Noth­ing has re­ally changed as Girls en­ters fi­nal sea­son

The Canadian Jewish News (Toronto) - - Pop Culture - Michael Fraiman

In pretty much ev­ery way, the fi­nal sea­son pre­miere of Girls was more of the same.

When HBO launched this mil­len­nial flag­ship series in 2012, it was hailed as dar­ing, bold, fem­i­nist and rel­e­vant. It’s fiz­zled a bit since then – plot­lines didn’t go any­where, char­ac­ters didn’t evolve, and there’s enough other bold, fem­i­nist tele­vi­sion out there that’s frankly bet­ter than Lena Dun­ham’s show about bored, self-de­struc­tive, nar­cis­sis­tic women who make the same mis­takes for their en­tire 20s. For some rea­son, I still love watch­ing it. This pre­miere episode fo­cused mostly on Dun­ham’s char­ac­ter, Han­nah, a Michi­gan-born, Brook­lyn-liv­ing wannabe writer who can’t es­cape her own ego to write about the real world. Last we saw, she was get­ting her life to­gether, rock­ing a per­for­mance at famed sto­ry­telling venue The Moth and pen­ning a Mod­ern Love sub­mis­sion for the New York Times.

But now there are some ex­pec­ta­tions in her life. Han­nah’s lat­est dilemma is es­pe­cially frus­trat­ing for jour­nal­ists. She’s as­signed a per­fect story – to crash a yup­pie ladies’ surf week­end – by a con­fi­dent edi­tor played by Chelsea Peretti, who loves Han­nah’s style but seems to be­come slightly less enamoured with her over the course of their first face-to-face in­ter­view. All Han­nah has to do is be her anx­ious New Yorker self in Mon­tauk, sur­rounded by up­per-class women who pine for sex­ual val­i­da­tion from their surf in­struc­tors.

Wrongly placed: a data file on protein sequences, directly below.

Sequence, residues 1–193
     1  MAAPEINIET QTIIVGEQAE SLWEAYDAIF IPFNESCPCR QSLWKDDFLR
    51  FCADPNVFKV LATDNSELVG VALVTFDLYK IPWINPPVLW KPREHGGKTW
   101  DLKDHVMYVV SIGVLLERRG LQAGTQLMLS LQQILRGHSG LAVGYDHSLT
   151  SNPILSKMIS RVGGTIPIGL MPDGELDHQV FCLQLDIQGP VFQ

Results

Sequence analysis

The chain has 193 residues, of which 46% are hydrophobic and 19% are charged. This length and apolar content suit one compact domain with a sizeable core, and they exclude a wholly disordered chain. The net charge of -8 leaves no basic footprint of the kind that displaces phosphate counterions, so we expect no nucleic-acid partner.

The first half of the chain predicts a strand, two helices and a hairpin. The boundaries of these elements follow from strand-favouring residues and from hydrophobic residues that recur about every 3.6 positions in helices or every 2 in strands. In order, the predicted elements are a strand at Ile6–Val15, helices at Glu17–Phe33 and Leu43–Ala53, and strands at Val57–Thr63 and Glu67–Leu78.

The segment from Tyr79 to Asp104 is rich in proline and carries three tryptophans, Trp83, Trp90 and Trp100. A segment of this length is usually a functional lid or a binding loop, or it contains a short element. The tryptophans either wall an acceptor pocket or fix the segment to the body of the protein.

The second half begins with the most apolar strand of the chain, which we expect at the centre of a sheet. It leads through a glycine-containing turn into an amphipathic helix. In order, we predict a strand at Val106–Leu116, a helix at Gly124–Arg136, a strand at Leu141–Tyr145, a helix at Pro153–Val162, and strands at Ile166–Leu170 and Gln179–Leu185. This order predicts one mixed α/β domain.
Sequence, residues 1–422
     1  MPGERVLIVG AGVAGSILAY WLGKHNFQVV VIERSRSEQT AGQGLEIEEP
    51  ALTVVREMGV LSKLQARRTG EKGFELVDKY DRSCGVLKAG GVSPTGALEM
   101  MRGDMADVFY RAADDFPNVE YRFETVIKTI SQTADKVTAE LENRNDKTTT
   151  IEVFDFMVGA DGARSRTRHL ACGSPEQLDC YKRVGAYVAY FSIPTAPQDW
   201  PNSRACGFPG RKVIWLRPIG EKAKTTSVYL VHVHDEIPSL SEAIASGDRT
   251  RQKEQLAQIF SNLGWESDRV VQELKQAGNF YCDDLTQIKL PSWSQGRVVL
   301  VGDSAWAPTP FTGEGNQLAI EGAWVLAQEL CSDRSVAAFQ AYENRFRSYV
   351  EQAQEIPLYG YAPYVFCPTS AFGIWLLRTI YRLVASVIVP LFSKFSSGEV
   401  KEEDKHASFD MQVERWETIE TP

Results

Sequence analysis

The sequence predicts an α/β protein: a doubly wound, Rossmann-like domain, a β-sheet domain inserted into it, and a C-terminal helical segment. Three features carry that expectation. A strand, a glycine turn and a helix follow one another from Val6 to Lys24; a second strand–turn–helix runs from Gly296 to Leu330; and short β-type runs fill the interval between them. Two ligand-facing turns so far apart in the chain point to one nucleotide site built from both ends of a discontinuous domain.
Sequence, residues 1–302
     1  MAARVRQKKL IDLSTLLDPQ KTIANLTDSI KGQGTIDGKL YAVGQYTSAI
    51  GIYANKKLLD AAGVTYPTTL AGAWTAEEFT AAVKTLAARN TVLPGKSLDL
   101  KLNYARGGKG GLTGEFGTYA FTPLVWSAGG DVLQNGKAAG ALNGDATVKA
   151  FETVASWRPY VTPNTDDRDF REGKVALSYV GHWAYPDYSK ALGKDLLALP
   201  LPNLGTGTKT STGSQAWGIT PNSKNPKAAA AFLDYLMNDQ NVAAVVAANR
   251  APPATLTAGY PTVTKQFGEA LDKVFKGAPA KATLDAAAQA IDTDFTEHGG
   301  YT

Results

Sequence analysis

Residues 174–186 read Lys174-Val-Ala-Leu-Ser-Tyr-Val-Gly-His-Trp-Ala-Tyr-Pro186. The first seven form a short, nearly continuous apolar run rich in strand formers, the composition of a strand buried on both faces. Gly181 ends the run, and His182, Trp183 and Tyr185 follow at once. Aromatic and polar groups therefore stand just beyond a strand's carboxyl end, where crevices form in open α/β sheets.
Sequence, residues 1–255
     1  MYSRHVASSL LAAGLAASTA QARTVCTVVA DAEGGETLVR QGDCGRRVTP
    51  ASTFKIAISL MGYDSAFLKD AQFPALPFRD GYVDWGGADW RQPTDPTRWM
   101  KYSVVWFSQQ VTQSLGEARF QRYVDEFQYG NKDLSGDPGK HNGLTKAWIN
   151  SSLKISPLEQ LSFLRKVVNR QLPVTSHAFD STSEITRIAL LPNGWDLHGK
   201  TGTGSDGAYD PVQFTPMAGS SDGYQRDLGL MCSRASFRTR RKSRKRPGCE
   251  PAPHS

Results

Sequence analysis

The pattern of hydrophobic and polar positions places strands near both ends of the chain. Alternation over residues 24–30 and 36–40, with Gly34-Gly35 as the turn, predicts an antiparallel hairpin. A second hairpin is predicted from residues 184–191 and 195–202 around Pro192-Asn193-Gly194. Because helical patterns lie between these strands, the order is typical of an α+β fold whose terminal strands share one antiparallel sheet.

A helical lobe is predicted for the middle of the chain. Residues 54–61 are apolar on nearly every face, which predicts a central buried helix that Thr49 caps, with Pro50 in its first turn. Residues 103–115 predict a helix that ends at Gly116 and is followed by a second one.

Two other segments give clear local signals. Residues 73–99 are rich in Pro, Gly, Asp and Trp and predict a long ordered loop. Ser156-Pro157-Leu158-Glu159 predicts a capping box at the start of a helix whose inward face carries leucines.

The story could be great – it’s a per­fect fit for her – but Han­nah can’t get over how much she hates it, and in­stead of see­ing the big­ger pic­ture, she ends up bing­ing on slushy blue al­co­hol, grind­ing on the dance floor, hook­ing up with surf in­struc­tor Paul-louis (played won­der­fully by ris­ing tal­ent Riz Ahmed) and charg­ing it all to her magazine.

“I don’t re­mem­ber much about last night, but I don’t feel vi­o­lated in any way,” she says the next morn­ing.

Paul-louis, the epit­ome of chill, re­sponds: “Nice.”

Dun­ham seems par­tic­u­larly in­sis­tent on find­ing mo­ments to bare her breasts in this episode: in a wet­suit, in a bunk bed, on the beach, wher­ever else she wants. It’s ex­ces­sively in­dul­gent, but that proud meta-nar­cis­sism has al­ways de­fined Girls, and if you’re still watch­ing the show, you know what to ex­pect.

Ul­ti­mately, I think, that’s the take­away from this episode. These women are ob­nox­ious, dif­fi­cult, hor­ri­ble de­ci­sion-mak­ers and com­pletely un­pleas­ant to­ward vir­tu­ally ev­ery­one they meet. If you’re still watch­ing the show af­ter six years, for what­ever rea­son, you’re fine with that.

Paul-louis, for ex­am­ple, doesn’t seem to mind at all. He’s vaguely in­con­sid­er­ate, but too clue­less to blame, com­ment­ing on how much pu­bic hair she has – not as a dig, but out of gen­uine awe – and stay­ing calm when Han­nah gets an­gry. He’s cooler and calmer than her other ex-boyfriends, and less neu­rotic than any­one else she’s met in Brook­lyn.

He preaches love, not hate – a con­cept so novel to Han­nah that she has trou­ble grasp­ing it be­fore ask­ing him if he’s Bud­dhist while they sit to­gether on the beach, star­ing out at the ocean. Paul-louis thinks for a mo­ment, then says, “I don’t think so.”

Han­nah’s Ju­daism doesn’t fea­ture much in the show – she and Shoshana are the most ob­vi­ously Jewish char­ac­ters, which mostly comes across in their neu­roti­cism, though sev­eral main cast mem­bers are Jewish in real life – but this mo­ment of beach­side cul­ture-clash­ing un­der­scores her Ju­daism more than any overt ref­er­ence she’s writ­ten. Jews kvetch; this quasi-bud­dhist dude does not. He ac­cepts. She can’t re­ally be­lieve it.

“I don’t know what any of my friends like,” she says. “I only know what they don’t like.”

In short, Paul-louis is a per­fect match for Han­nah, of­fer­ing some much-needed equi­lib­rium, but this, too, turns out to be a fan­tasy she can’t re­ally live in.

The girls of Girls have gone through a lot of cos­metic changes since the show’s first sea­son – dif­fer­ent jobs, lovers and looks. But re­ally, noth­ing has changed in their lives. All this rep­e­ti­tion makes us won­der if any­thing ever will.

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